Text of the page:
Submission deadline is 31st March 2021
Agronomy Journal special issue submission form

Phosphorus flows in Brussels

A study analysed phosphorus flows through the Brussels Capital Region, Belgium (1.2 million people, 160 km2, of which <1% agriculture). Currently wastewater is treated at two sewage works, most food waste is incinerated with municipal refuse, and green waste is collected and composted. P inputs in the food system are estimated from food consumed by population, visitors, and commuters (based on Belgium national Food Consumption Survey data) plus food waste generated in consumption and trade. P in pet food, detergents and green waste is also estimated. The data suggests an average per capita dietary intake of 1.2 gP/day. The study concludes that main annual inflows are (approximately) 700 tP/y in food products, 100 tP/y in detergents, 100 tP/y in pet food and 100 tP/y in wastewater from outside the region treated at one of the sewage works. The main outflows are (approximately) 560 tP/y in treated sewage sludge, 140 tP/y in sewage works discharge and 160 tP/y (mainly from food waste) in municipal refuse incineration ash. Currently, the sewage sludge is either wet air oxidised, dried, then used as cover material in landfills, or incinerated in Belgium and Germany. The principal opportunities for P recycling are from sewage sludge, and secondly from food waste when separate collection will be scaled up. P losses from the sewage works to surface waters (currently 16% of inflow P) should be reduced with ongoing upgrades to the two works. Separate collection and anaerobic digestion of food waste within the city would increase the amount of electricity generated; P-recovery from sewage sludge does not affect the energy balance, because energy from sludge digestion is already valorised within the sewage works. The authors conclude that the potentially recyclable phosphorus could cover the fertiliser needs of the two neighbouring Brabant provinces, but only if the regulatory framework and social acceptance of such recycling are improved.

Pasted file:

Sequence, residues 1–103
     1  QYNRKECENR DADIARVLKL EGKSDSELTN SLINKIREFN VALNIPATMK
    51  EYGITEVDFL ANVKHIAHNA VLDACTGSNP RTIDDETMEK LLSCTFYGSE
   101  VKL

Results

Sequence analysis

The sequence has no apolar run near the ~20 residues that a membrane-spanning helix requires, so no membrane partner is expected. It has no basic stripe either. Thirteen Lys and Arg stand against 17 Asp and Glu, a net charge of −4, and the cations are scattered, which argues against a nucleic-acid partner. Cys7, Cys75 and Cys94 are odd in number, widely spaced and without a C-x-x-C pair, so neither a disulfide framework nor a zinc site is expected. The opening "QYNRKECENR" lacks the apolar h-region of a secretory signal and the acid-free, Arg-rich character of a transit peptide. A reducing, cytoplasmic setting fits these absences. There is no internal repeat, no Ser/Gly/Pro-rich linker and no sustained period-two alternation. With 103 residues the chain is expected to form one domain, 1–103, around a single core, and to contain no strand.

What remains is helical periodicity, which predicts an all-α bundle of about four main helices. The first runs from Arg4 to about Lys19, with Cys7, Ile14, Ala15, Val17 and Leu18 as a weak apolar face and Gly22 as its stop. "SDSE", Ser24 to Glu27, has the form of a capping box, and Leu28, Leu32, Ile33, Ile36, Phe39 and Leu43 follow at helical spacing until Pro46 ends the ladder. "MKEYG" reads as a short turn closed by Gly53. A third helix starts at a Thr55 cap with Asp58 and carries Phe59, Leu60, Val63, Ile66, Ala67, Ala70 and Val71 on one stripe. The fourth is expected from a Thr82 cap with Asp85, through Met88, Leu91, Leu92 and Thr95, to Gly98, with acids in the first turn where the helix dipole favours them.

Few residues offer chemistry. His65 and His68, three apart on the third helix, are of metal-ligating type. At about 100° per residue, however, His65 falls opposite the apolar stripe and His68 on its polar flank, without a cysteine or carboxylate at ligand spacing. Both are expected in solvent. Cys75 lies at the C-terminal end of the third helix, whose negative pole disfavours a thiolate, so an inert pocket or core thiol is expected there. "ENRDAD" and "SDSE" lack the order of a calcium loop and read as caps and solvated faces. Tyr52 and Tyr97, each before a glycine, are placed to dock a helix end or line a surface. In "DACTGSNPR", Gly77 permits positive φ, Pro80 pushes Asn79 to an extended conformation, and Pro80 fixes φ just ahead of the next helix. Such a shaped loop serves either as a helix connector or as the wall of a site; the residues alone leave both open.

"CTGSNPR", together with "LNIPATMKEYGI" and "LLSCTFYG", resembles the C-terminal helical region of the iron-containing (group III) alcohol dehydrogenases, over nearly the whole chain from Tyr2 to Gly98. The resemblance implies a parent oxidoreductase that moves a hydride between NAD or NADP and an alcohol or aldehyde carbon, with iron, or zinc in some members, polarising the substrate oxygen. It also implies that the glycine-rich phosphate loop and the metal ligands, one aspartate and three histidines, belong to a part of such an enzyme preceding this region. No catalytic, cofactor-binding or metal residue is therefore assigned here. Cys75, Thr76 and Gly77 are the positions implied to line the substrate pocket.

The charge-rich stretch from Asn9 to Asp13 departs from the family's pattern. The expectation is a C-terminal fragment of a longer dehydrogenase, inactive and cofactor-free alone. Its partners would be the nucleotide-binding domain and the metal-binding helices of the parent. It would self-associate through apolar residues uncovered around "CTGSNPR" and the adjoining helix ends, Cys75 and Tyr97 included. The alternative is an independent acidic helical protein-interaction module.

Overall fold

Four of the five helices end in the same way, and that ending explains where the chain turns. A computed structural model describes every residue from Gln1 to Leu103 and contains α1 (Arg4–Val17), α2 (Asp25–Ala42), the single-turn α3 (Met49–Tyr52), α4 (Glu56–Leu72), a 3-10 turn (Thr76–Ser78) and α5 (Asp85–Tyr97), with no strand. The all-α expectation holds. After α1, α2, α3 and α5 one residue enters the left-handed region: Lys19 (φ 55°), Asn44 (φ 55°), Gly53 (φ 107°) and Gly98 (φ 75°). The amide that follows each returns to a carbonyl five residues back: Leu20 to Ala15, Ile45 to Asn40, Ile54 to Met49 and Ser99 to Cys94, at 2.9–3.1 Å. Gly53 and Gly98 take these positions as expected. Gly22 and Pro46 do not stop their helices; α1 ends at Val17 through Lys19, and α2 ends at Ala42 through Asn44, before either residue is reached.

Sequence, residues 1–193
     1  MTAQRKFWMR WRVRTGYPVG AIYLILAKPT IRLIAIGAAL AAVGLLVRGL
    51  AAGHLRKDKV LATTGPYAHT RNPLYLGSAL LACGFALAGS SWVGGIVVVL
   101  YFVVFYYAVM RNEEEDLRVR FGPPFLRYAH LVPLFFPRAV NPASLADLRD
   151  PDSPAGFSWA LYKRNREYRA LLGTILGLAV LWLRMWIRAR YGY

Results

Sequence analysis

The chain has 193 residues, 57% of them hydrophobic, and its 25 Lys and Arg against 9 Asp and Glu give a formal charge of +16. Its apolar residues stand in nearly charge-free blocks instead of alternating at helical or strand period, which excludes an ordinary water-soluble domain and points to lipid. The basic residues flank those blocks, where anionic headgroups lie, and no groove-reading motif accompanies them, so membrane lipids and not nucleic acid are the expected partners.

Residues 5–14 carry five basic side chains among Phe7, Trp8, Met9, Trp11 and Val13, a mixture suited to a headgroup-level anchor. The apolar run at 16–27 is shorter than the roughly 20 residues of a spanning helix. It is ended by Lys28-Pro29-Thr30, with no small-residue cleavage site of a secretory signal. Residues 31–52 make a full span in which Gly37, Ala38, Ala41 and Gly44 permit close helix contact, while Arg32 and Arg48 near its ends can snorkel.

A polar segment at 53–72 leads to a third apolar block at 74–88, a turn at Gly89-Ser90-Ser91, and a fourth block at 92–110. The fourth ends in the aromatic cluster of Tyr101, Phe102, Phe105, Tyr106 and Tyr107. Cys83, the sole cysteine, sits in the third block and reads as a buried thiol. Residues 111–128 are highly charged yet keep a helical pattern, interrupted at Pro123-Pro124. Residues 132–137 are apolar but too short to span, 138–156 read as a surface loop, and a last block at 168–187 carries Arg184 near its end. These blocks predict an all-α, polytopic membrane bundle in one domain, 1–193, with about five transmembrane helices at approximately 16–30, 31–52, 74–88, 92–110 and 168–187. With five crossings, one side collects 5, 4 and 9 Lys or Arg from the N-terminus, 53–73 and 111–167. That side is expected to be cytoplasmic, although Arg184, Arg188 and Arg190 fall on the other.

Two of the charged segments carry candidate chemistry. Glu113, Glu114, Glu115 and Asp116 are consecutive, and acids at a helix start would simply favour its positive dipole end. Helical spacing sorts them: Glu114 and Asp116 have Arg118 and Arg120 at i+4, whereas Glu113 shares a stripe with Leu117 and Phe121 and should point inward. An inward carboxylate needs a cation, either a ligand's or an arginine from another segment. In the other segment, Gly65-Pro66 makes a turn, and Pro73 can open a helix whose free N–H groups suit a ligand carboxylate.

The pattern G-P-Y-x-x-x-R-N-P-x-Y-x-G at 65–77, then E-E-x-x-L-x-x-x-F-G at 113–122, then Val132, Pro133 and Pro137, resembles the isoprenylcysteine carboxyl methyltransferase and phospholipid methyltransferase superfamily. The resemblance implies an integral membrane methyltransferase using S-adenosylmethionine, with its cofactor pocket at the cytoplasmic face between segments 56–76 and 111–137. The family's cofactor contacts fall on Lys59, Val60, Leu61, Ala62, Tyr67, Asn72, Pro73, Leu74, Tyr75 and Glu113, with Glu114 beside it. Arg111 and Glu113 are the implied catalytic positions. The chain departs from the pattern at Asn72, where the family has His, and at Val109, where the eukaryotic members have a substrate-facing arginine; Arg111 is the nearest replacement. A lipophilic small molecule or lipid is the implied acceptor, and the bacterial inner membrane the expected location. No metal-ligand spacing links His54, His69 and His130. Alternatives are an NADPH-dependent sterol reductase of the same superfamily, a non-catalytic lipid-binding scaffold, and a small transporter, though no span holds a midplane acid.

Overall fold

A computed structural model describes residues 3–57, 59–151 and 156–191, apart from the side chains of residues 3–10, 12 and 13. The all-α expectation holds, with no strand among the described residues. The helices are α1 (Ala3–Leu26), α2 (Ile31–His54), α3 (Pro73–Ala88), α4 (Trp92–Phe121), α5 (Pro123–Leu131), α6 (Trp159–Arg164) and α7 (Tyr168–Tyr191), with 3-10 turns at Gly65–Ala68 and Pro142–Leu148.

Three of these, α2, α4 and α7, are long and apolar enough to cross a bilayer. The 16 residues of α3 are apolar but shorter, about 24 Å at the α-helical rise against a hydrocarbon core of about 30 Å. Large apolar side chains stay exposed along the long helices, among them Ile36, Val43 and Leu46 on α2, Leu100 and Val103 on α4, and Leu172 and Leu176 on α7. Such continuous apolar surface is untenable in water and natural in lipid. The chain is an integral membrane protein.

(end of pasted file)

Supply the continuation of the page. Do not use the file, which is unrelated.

“Phosphorus and energy flows through the food system of Brussels Capital Region”, A. Papangelou, W. Achten & E. Mathijs, Resources, Conservation & Recycling 156 (2020) 104687, DOI 

LCA of enhanced struvite recovery

As part of the LIFE ENRICH project, a Life Cycle Analysis study compares two scenarios for struvite recovery before anaerobic digestion in a sewage works operating biological phosphorus removal (EBPR) in the Murcia-Este WWTP, Spain. In the first scenario WAS (waste active sludge) is thickened using dissolved air flotation and fermented during 24 h to maximize poly-P release then elutriated in gravity thickeners with primary sludge. Struvite recovery from the overflow was modelled, considering different thickening and mixing rates. In a second scenario, WASSTRIP-based phosphorus release was modelled: primary sludge was fermented to generate volatile fatty acids then mixed with WAS in anaerobic P-release tanks and the resulting soluble-P enriched solution, after dewatering, was sent to the struvite precipitation. The different scenarios were evaluated for the LCA based on real data from the existing WWTP and modelling of different configuration changes. The modelling concludes that under the elutriation scenario around 43% of influent phosphorus (P inflow to the WWTP) could be recovered as struvite, increasing to 48% with WASSTRIP. Greenhouse effect and total costs (TAEC, per m3 wastewater treated), related to the sludge line operation, were modelled to be respectively 2% and 18% lower with struvite recovery via elutriation than without struvite recovery, whereas they were both higher with the WASSTRIP-based configuration compared to without struvite recovery. 
“An integral approach to sludge handling in a WWTP operated for EBPR aiming phosphorus recovery: Simulation of alternatives, LCA and LCC Analyses”, M. Roldan et al., Water Research 175 (2020) 115647 DOI 
For further information, LIFE ENRICH project website

Review of struvite LCA studies